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Reviewing: ‘War Crimes of the Armed Forces and Security Forces of Ukraine: Torture and Inhumane Treatment’, published on March 1, 2015 by The Foundation for the Study of Democracy, 144 page, in Russian and English, ISBN 978-5-903882-05-2. Online here.
A report issued on March 1, 2015 by the Moscow-based Foundation for the Study of Democracy contains chilling descriptions of the widespread use of torture and other inhumane treatment of prisoners by the Ukrainian army and paramilitary forces and by its Ukraine’s national security police. The report is titled, ‘War Crimes of the Armed Forces and Security Forces of Ukraine: Torture and Inhumane Treatment’. It is 144 pages long, half in Russian and half in English.
The information in the report is the result of interviews with over 200 prisoners released by the Ukrainian side of the war that has raged in eastern Ukraine for the past year. The interviews were conducted by researchers of the Foundation from 25 August 2014 to 20 January 2015.
The Foundation for The Study of Democracy is a civil organization in Russia (Russian-language website here). Its director is Maxim Grigoriev. The report on torture and prisoner abuse was prepared in cooperation with the Russian Public Council for International Cooperation and Public Diplomacy, presided by S. Ordzhonikidze, while assistance was provided by the Russian Peace Foundation (L. Slutsky, Y. Sutormina) and by S. Mamedov, I. Morozov, E. Tarlo, D. Savelyev, A. Chepa and other members of the Committee for Public Support of the Residents of Southeastern Ukraine.
The media tour to Donetsk, eastern Ukraine in mid-April, 2015 in which I participated met with Mr. Grigoriev in Moscow at the outset of our tour.
“Human rights are one of the key issues of concern for our foundation,” Grigoriev explained. As reports of prisoner abuse and torture became widespread last spring and summer, his Foundation decided to investigate the accusations more formally. Its first report was published on November 24 of last year. The second report published on March 1 of this year includes data gathered in the first one.
“It was not difficult to gather information,” Grigoriev explains. “Once the prisoner exchanges began to take place [just prior to the ceasefire of September 5, 2014], any researcher or journalist could speak to those released prisoners who were willing to talk.”
Prisoners who were released beginning last August have reported being subjected to electric shock and cruel beatings lasting multiple days in a row using objects such as iron bars, baseball bats, sticks, rifle butts, bayonet knives and rubber batons. Techniques widely used by the Ukrainian armed forces and security forces include waterboarding, strangling with a garrote and other types of strangulation. In some cases, prisoners were sent to minefields for the purposes of intimidation and were run over with military vehicles, causing death.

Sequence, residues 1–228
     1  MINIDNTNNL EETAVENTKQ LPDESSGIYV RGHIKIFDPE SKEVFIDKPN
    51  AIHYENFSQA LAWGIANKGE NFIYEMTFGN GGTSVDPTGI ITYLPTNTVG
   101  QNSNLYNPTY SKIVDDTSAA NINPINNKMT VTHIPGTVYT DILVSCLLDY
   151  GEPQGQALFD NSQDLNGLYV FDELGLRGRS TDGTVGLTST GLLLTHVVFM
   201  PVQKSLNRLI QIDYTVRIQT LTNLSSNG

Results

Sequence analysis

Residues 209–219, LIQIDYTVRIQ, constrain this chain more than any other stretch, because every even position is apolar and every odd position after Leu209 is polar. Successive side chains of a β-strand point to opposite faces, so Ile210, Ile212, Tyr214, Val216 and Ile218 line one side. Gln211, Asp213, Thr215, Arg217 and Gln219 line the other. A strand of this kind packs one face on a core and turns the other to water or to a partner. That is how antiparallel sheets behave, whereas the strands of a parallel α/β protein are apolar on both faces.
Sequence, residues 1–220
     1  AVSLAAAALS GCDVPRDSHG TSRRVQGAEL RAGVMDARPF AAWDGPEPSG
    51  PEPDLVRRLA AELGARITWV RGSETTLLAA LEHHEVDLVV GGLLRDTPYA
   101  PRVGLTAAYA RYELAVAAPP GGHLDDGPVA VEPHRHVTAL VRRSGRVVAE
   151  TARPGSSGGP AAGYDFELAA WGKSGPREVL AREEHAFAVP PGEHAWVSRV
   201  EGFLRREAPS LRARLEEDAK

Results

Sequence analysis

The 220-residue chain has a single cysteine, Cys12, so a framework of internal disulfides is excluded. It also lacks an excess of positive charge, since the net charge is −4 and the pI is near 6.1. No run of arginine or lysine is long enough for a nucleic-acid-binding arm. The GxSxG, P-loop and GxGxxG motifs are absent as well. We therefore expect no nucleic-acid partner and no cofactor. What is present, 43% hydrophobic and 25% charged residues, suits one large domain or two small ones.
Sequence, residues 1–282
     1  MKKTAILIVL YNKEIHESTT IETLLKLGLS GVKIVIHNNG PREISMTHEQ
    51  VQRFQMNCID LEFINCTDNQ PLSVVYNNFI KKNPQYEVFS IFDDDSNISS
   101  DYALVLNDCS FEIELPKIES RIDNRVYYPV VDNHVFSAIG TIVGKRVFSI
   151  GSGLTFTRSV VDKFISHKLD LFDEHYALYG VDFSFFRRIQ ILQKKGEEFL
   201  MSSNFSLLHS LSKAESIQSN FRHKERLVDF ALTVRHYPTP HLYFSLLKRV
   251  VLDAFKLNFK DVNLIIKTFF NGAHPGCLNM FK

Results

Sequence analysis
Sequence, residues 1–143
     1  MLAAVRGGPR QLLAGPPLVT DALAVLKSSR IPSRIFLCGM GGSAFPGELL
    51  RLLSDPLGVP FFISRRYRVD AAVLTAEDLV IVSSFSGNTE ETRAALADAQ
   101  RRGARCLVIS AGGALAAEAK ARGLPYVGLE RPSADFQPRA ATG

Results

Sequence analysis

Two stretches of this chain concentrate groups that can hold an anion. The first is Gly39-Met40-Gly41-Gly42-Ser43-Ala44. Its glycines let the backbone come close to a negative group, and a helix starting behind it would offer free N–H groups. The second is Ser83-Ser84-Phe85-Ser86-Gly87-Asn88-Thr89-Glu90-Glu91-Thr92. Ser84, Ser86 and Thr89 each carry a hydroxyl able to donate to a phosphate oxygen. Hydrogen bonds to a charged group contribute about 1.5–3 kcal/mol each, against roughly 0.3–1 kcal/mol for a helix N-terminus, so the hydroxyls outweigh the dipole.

Other torture methods included breaking of bones, stabbing and cutting with knives, branding with red-hot objects, and shooting different body parts with small arms. Prisoners were kept for days at freezing temperatures and with no access to food or medical assistance. They were often forced to take psychotropic substances causing agony.
An absolute majority of prisoners are put through mock firing squads and suffered death and rape threats to their families. Women report being raped.
Many of those tortured are not members of the self-defense forces of the Donetsk and Luhansk People’s Republics (DPR and LPR). Those who are members are identified as such in the Foundation’s reports.
Further is an outline of the findings published in the Foundation’s report of March 1, 2015.
The Foundation notes in its report that the European Court of Human Rights has ruled that the European Convention on Human Rights prohibits in absolute terms torture, irrespective of other circumstances. Article 3 of the convention reads, ‘No one shall be subjected to torture or to inhuman or degrading treatment or punishment.’
Moreover, it is assumed in the law of the European Union that ‘the State is responsible for the actions of all of its agencies, such as the police, security forces, other law enforcement officials, and any other State bodies who hold an individual under their control, whether they act under orders, or on their own accord.’
Unlike other clauses of the Convention related to rights, Article 3 makes no provision for derogation (reservations) in the event of a war or any other emergency threatening national security. Article 15 (2) explicitly states that there can be no derogation from Article 3 within the Convention.
The March, 2015 report of the Foundation for the Study of Democracy concludes, “The information collected by the [Foundation] gives grounds to believe that the Ukrainian armed forces (VSU), the National Guard and other military units of the Ministry of the Interior of Ukraine, as well as the Security Service of Ukraine (SBU), systematically and on purpose violate the European Convention on Human Rights. The extent to which torture is being used and the fact that this is done systematically prove that torture is an intentional strategy of the said institutions, authorized by their leadership.